Instagram photo of me and my brother, Kevin (two days after black hair dye; Lyle Smith, photographer)

Instagram photo of me and my brother, Kevin (two days after black hair dye; Lyle Smith, photographer)

Toes are not the cutest subject, but I want to show off my purple toes and pedicure (Julie A. Smith, photographer)

Toes are not the cutest subject, but I want to show off my purple toes and pedicure (Julie A. Smith, photographer)

Hope: A Poem (The Beautiful Promise of Tomorrow)

Author’s note:

This poem is fictitious and inspired by the author’s imagination.  The only exceptions are that the woman’s name “Maria” was inspired by the name Maria in the musical “West Side Story” (a musical that I like which has many good lessons).  Second, the pink was inspired by pink being my favorite color, and also by my desire to somewhat personify the sunset.  Thus, I gave the sunset  some characteristics that (at times) I possess.  Finally, while I have at times felt like the little sparrow, forlorn and perhaps somewhat broken (which I do not care to elaborate on), this did not inspire the poetic sparrow, nor did any other resemblance to another person, thing, or sparrow, living or dead. (Ditto for the little old man).

 Hope: A Poem (The Beautiful Promise of Tomorrow)

The little old man

with a crooked back

and a kind yet wistful smile

gazes out at the shimmering ocean

beckoning to him in the distance.

Lost in thought

he ponders

simpler times,

days gone by,

and a girl with a pretty smile.


“Ah, to be young again,”

he thinks to himself.

Youth is wasted on the young,

as the old saying goes.


He has no regrets.

The mistakes he made

taught him well,

but yet

still his heart aches

and at times

he is lonely.


He misses his sweet Maria

with an intensity

that sometimes awakens him

in the night.

She was his muse

and his joy

and his love.

His beautiful wife

gone six years now

(My, how the time seems to fly).

But, she was NOT his life,

yet she played quite a starring role.

A good distinction,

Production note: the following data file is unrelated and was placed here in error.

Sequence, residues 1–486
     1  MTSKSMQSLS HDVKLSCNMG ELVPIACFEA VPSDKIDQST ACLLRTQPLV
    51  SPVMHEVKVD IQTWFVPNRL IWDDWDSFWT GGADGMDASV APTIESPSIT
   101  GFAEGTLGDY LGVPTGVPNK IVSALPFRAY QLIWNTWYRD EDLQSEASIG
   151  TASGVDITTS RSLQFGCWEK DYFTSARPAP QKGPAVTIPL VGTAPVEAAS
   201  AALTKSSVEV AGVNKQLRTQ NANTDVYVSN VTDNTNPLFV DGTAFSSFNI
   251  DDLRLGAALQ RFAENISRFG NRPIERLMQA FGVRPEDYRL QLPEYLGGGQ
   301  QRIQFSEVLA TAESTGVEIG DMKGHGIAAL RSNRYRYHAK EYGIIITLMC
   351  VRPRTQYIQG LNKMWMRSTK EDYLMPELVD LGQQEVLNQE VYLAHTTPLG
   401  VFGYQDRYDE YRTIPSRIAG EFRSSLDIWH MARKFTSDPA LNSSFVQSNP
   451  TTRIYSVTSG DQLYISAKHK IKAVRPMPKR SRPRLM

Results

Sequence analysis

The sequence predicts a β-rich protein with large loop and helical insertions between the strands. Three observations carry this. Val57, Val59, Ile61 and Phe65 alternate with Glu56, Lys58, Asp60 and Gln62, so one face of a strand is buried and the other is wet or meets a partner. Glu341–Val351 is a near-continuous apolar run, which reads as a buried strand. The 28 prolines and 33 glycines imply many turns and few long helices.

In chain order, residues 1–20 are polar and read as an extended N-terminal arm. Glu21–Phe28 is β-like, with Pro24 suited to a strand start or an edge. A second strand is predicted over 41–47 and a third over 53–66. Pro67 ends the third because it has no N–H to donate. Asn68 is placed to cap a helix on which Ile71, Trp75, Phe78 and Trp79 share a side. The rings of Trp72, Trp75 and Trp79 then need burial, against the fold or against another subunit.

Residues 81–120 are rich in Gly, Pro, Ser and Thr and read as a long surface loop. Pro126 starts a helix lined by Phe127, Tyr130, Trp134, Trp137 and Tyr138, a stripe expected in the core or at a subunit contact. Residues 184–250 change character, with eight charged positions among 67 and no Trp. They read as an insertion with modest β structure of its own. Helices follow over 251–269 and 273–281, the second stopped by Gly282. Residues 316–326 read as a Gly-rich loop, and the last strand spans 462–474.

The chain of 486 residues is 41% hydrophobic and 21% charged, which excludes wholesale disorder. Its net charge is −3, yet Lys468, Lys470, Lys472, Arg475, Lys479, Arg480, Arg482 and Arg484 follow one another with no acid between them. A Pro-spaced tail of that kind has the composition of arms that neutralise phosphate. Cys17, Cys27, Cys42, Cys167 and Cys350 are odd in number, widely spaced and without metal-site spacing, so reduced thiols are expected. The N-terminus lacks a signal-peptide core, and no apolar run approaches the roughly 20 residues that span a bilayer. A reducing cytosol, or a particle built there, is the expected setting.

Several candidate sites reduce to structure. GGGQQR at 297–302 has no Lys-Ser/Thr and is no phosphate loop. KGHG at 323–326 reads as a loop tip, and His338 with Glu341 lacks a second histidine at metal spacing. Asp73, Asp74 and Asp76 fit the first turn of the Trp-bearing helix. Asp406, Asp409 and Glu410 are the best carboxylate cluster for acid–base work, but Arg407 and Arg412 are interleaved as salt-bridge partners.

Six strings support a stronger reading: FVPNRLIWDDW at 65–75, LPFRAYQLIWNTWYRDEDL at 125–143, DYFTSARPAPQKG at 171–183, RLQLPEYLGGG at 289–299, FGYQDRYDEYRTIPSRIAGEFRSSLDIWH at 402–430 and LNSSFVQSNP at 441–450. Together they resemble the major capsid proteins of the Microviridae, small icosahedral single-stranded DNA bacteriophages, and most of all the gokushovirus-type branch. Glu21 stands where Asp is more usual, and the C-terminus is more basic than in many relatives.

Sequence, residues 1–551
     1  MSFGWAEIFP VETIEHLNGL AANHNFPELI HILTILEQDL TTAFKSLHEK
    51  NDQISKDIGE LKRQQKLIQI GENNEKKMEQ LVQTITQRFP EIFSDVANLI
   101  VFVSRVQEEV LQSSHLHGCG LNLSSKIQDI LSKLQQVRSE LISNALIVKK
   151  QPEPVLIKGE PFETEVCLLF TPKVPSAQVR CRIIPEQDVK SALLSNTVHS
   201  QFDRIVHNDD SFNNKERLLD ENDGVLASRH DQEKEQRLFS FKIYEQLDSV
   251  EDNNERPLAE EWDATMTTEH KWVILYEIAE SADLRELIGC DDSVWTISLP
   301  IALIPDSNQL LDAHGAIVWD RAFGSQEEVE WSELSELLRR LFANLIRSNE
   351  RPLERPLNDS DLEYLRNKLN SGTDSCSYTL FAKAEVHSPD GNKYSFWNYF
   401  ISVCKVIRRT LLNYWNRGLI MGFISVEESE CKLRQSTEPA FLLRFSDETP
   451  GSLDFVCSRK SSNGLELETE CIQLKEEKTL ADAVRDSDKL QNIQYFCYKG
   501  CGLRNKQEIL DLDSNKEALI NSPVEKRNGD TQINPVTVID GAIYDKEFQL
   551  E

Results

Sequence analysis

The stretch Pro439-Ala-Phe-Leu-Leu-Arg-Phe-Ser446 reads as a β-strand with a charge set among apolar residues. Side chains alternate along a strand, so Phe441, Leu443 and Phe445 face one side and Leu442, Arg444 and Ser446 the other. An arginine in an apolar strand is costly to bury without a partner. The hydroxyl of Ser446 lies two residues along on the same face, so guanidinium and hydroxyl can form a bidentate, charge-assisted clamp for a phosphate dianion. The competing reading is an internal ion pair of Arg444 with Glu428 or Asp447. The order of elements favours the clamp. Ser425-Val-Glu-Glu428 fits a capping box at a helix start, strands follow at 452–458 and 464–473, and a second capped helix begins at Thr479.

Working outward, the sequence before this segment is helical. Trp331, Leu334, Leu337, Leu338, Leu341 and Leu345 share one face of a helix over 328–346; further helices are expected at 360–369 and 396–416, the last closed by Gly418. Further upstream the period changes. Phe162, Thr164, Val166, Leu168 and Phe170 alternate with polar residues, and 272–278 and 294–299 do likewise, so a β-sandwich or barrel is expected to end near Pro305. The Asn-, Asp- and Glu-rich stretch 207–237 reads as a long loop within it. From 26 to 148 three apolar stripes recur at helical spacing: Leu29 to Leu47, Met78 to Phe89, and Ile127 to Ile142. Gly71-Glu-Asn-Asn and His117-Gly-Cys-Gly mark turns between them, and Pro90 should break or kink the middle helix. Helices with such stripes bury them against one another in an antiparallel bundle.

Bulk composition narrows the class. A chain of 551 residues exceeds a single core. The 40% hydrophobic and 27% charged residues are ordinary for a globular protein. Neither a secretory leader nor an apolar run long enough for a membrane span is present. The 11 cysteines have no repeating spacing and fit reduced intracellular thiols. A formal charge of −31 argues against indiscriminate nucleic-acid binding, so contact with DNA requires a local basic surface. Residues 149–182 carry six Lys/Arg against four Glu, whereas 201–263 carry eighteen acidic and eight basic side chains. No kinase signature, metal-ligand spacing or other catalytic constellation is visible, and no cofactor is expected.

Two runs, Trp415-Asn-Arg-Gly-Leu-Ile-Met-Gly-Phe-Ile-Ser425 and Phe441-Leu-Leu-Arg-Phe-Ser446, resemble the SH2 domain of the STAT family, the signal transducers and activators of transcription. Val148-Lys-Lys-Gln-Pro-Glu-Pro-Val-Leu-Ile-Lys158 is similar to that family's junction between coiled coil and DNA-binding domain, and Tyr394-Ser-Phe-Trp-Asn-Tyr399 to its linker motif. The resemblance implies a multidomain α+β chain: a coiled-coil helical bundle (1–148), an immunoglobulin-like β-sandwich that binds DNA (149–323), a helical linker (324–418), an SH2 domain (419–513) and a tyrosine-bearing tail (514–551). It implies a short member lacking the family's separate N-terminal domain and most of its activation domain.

the man has always thought,

is that life should be shared

and enriched

but never overtaken

or overwhelmed.



the little old man’s reminiscing

is broken

by a tiny little sparrow

looking forlorn

but yet brave

with his little broken wing.

The sparrow takes a little hop

along the glistening sand

and looks up with curiosity

at the little old man.


“Friend, I know how you feel,”

the man whispers with a conspiratorial wink.

Truth be told, sometimes the man

has been broken in spirit

and broken in his grief.

Yet, somehow,

a tenacious, persevering will

helped the man fight on.

But now,

his frail body

was starting to feel broken,

as age took its usual toll.

(He was approaching age 90,

it is important to note).

The little old man felt an affinity

for the little sparrow with his little broken wing,

and it brought a second smile

to the man’s weathered face.

The sparrow brightened his day

and reminded him to never give up.


Slowly, the man’s gaze slide up the horizon.

A sunset was starting

to pierce the sky.

“Where had the day gone?”

the man wondered.

A hint of a beautiful, stunning pink timidly peaked


across the horizon.


yet hopeful.

The spectacular sight

of the blossoming sunset

caused a hope to spring anew

into the little old man’s heart.

Every day is a gift.

There is the UNKNOWN PROMISE of tomorrow.

Beauty can shine her brightest

even in the darkest hours.


Thus, whistling a cheerful tune,

(one I think anyone could recall),

the little old man shuffled off

with hopeful expectation

of a light brighter than any dawn

and the beautiful promise of tomorrow.